Let this sink in, Keynes had NO idea of the fundamental concepts of economics, viz. profit and income. Because profit is ill-defined the whole theoretical superstructure of macroeconomics is false, in particular ALL I=S/IS-LM models (2011; 2013).

    Koo starts his analysis as follows: “One person’s expenditure is another person’s income. It is this unalterable linkage between the expenditures and incomes of millions of thinking households and businesses that makes the study of the economy both interesting and unique.”

    Note that Koo’s first sentence is identical with Keynes’s. For every economist this proposition is pure common sense ― a mere accounting identity. As a matter of fact, it is provably false and this explodes the whole of macro. Economists do not grasp the elementary mathematics of accounting (2012) and this goes a long way to explain why economics has never risen above the proto-scientific level.

    To get out of failed economic theory requires nothing less than a full-blown paradigm shift from accustomed microfoundations and Keynes’s flawed macrofoundations to entirely new macrofoundations.**

    Ultimately, the paradox of thrift has its roots in the confusion about saving of the household sector, retained profit (falsely termed ‘saving’ of the business sector), profit and distributed profit. The correct profit equation reads: Qm = Yd+I-Sm (2014, p. 8, eq. (18)). Legend Qm: monetary profit, Yd: distributed profit, Sm: monetary saving, I: investment expenditure. The interaction of I and Sm underlies Koo’s description of economic expansion and balance sheet recession. What is entirely missing in Koo’s description is the interaction of Qm and Yd.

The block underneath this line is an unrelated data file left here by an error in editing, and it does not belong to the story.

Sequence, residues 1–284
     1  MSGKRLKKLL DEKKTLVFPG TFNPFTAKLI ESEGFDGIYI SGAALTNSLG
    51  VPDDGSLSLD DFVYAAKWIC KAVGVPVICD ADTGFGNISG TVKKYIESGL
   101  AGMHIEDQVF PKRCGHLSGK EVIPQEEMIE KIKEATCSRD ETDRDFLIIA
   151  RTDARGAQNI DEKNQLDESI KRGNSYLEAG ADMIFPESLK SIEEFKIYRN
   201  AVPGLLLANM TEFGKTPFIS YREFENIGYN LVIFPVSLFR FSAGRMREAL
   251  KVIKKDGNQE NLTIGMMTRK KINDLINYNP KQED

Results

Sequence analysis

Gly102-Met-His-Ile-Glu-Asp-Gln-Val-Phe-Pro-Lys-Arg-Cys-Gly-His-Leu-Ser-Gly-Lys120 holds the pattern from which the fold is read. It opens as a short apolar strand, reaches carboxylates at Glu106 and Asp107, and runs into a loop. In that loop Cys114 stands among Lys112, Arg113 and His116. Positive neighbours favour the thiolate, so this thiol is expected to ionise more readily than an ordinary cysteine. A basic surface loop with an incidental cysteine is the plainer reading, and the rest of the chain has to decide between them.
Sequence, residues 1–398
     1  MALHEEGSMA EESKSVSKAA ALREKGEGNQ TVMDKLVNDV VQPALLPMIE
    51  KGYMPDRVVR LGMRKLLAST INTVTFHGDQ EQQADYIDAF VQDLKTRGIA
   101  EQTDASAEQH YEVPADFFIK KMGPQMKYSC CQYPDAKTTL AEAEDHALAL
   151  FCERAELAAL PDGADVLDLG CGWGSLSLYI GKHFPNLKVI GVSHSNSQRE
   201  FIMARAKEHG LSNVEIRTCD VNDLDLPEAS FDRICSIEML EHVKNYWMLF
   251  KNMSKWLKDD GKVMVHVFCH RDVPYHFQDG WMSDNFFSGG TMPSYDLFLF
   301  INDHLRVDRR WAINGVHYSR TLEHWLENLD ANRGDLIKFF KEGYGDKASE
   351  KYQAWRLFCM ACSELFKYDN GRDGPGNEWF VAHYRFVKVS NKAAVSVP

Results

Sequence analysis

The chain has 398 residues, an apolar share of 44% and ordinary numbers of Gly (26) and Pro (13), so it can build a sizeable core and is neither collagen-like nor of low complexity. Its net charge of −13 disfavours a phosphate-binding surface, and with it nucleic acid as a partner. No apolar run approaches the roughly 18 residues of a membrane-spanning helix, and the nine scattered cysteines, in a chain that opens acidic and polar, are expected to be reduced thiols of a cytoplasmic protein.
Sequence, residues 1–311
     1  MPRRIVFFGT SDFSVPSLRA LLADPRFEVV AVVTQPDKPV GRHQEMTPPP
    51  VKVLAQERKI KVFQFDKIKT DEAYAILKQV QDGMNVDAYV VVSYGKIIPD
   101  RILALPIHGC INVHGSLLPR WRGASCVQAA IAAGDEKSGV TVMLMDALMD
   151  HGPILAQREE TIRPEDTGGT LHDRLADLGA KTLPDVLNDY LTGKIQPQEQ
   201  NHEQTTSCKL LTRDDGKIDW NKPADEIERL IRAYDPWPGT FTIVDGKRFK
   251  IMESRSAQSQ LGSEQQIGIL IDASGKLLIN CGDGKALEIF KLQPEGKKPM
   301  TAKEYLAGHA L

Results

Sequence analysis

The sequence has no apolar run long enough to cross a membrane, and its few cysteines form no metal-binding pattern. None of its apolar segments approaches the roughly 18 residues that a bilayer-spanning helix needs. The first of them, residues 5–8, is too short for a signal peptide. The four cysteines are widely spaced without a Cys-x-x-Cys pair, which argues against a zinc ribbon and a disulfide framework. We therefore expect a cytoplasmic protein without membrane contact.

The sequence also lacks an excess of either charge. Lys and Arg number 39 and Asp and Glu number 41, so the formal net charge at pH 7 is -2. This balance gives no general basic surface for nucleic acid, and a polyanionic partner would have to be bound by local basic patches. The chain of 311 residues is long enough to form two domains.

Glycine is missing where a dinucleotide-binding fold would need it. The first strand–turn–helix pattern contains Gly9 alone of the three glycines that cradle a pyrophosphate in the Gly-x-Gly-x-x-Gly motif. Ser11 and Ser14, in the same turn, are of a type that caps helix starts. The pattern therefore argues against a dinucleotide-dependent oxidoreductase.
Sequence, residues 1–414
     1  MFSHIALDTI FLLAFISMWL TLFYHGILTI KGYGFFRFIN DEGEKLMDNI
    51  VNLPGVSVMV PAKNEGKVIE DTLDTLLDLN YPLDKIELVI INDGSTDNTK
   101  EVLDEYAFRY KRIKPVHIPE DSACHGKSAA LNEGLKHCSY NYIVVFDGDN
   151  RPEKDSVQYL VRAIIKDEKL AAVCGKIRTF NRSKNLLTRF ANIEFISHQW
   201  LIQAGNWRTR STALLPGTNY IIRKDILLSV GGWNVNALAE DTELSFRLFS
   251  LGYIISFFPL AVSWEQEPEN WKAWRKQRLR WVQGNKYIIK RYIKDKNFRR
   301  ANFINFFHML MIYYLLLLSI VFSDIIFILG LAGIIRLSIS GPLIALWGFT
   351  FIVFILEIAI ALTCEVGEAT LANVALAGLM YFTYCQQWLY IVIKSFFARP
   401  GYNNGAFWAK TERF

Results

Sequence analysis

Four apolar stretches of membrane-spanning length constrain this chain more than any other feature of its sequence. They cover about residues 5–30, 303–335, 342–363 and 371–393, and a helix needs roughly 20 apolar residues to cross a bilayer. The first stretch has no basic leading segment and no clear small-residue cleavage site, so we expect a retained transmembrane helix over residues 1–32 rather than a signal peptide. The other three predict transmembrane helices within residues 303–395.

The profit equation gets a bit longer when import/export and government is included.

    Roughly speaking, there are TWO self-reinforcing feedback loops:
    (i) Household sector saving Sm up — profit Qm down — investment I down because of reduced self-financing out of retained profit — profit Qm down — and so on (with wages, prices, and employment down)
    (ii) Household sector saving Sm down or dissaving up — profit Qm up — investment I up because of increased self-financing out of retained profit — profit Qm up — and so on (with wages, prices, and employment up)

    The confusion is, again in rough terms, this: (a) saving of the ‘workers’ is bad because it drags down the economy, (b) ‘saving’ out of profit (= retained profit) is good because it is normally put to use for business expansion = investment. In this case, bankers/financiers/lenders are not needed at all or less so. There are less restrictions to expansion from the monetary side.

    What the Classicals had in mind when they lauded ‘saving’ and ‘frugality’ was in fact retained profit and reinvestment in contradistinction to profit distribution and spending on consumption. What Keynes had in mind was saving of the household sector. The cross-talk about saving and investment goes on until this day: “The truth is, most persons, not excepting professional economists, are satisfied with very hazy notions.” (Fisher, quoted in Mirowski, 1995, p. 86)